Pâtés, terrines, prosciutto, dry sausage, salume...charcuterie satisfies our basest cravings for salt and fat. It's also the perfect cocktail party hors d'oeuvre; requiring no preparation (unless you're curing it yourself), serving well at room temperature, and satisfying the most sophisticated of palettes to the simplest, that is, if meat-and-potato-vores can get used to the texture of pâté. We put together a small serving board of fine charcuterie and came up with these tips.
1. Buyer Beware
Beware of large grocery stores and their deli platters. Do your shopping at gourmet grocers who specialize in traditionally cured meats, not at deli counters that hock over-processed sandwich filler injected full of chemical flavors and colors. We're lucky enough to live and work near foodie paradise Formaggio Kitchen, whose selection of cheeses, cured meats, and artisan groceries leaves nothing to be desired.. If you're an unfortunate soul who resides in a gourmet food desert, plenty of gourmet grocers and salumerias have opened up their doors online, including Formaggio and the Seattle icon Salumi.
2. Pork: The Only White Meat
Even at their busiest, the staff behind Formaggio's impressive cheese and charcuterie counter are always more than helpful. With their help we picked out a delicious range of cured pork; the mainstay of any charcuterie platter.
La Quercia Speck, an aromatic applewood-smoked speck (similar to prosciutto) cured from heritage breed pigs in Iowa that melts on the tongue and lingers in the mouth with its light, smoky flavor.
Rosette de Lyon, a French dry sausage (or saucisson) that's soft and chewy with a lasting finish. It's delicious with cornichons--the perfect garnish for your platter.
Their House-Made Pork Rillette, a confit of local pork with a simple and strong flavor that spreads easily onto crispy slices of baguette.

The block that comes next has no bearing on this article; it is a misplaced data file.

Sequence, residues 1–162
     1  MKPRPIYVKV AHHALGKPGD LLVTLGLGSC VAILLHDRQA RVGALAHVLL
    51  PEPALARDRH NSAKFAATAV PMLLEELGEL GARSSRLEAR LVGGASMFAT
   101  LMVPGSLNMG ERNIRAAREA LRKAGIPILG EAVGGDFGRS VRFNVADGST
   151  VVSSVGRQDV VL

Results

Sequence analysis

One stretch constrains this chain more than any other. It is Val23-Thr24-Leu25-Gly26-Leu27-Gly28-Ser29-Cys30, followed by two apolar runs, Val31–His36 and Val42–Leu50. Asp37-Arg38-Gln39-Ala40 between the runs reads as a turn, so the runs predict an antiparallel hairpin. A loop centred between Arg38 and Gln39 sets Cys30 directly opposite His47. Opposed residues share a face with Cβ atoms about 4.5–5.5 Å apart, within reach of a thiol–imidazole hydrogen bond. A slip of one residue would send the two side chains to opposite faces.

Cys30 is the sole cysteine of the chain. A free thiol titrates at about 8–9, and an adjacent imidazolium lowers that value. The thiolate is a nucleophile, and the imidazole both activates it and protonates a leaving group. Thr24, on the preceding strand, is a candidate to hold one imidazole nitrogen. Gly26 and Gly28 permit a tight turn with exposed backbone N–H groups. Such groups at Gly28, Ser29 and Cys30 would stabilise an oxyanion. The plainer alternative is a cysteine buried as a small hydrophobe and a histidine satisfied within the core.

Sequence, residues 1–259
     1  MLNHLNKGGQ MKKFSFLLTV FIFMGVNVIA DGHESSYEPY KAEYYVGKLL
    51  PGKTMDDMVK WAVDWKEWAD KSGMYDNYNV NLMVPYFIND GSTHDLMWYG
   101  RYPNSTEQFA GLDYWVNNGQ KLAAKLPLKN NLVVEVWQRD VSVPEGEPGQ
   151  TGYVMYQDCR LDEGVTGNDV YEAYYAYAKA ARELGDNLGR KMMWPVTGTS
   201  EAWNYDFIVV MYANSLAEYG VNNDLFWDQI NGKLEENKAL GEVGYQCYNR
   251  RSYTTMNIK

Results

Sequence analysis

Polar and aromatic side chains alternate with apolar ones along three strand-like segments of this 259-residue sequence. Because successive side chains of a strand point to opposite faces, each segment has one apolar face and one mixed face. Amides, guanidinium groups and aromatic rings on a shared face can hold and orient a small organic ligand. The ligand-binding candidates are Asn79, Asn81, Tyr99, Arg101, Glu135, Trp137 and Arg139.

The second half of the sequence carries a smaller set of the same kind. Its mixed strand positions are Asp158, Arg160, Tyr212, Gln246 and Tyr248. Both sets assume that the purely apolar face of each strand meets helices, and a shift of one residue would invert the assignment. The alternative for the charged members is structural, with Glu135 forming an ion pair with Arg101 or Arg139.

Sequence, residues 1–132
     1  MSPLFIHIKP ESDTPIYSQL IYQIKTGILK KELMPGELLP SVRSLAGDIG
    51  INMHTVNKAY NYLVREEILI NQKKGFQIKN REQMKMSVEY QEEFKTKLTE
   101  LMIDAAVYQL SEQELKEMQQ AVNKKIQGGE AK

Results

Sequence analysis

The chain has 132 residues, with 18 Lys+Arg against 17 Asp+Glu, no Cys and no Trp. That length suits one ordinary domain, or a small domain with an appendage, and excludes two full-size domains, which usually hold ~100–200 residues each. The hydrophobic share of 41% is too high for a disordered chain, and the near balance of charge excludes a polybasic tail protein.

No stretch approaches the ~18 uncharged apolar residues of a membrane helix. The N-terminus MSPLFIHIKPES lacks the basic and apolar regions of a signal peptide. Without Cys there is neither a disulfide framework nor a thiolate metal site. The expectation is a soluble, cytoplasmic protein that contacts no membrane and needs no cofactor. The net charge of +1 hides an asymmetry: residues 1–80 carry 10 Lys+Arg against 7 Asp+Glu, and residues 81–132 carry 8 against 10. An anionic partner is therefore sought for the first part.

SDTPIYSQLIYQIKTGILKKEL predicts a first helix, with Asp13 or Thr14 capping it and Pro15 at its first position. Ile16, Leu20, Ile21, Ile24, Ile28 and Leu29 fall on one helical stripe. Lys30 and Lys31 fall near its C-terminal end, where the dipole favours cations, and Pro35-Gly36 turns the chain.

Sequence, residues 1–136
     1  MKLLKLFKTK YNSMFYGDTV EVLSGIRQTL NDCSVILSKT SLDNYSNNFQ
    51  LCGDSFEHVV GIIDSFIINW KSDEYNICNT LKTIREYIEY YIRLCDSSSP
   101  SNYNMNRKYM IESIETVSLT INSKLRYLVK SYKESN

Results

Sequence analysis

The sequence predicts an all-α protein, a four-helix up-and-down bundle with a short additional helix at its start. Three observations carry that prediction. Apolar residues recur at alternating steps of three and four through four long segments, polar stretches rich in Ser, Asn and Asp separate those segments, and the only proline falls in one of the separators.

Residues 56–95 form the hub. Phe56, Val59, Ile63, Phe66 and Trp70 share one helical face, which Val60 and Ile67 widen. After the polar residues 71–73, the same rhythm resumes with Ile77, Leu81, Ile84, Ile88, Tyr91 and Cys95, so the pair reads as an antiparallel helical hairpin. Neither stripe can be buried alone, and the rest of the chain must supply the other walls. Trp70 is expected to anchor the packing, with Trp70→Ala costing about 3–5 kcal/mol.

Pork is wonderful and comes in enough variations to fill the largest of platters and satisfy the most sophisticated foodies, but don't pin yourself down. Complement your pork selections with alternatives. Formaggio Kitchen makes a fantastic rabbit rillette, but we went with...
Their House-Made Duck Pâté. A lunchtime favorite of mine that's made with Hudson Valley Moulard duck, pork fat, pork and chicken liver, salt, pepper, cream, eggs, flour, red wine, brandy, sherry, port, garlic, shallot, parsley, thyme, sage, ground ginger, orange zest and port-soaked dried tart cherries. As you might've guessed, it's a symphony in your mouth. And with each bite, just like returning to a great piece of music, you find something new.
A beautifully marbled bresaola (dried beef) that's plain in flavor but gradually builds on the taste buds.
4. Keep It Simple
Charcuterie began in pre-refrigerator Europe out of a practical need to preserve meat. It's since been elevated to an art, but that's no reason to deny its sensible heritage. Avoid ornate plates and platters and select something plain. We spread our charcuterie across a beautiful hickory J.K. Adams serving board. There's no need to be fancy with presentation, as you should be shooting for a pastoral vibe. We roughly rolled what was rollable, laid the sausage flat, and set the pâté and rillette on the end of the platter. If you're passing bread (for Cantabrigians, Iggy's Country Baguette is your best option) slice it beforehand as the crispy crust of a good baguette can be messy and difficult to cut for some.
5. Discourage Fingerpicking
Fingerpicking is great for Spanish guitarists, but not for communal platters of food. Discourage it among (progressively intoxicated) guests by providing basic utensils. We kept a Sabre Nature knife that matched the board nearby for the pâté and rillette and a David Mellor fork for picking up slices of meat.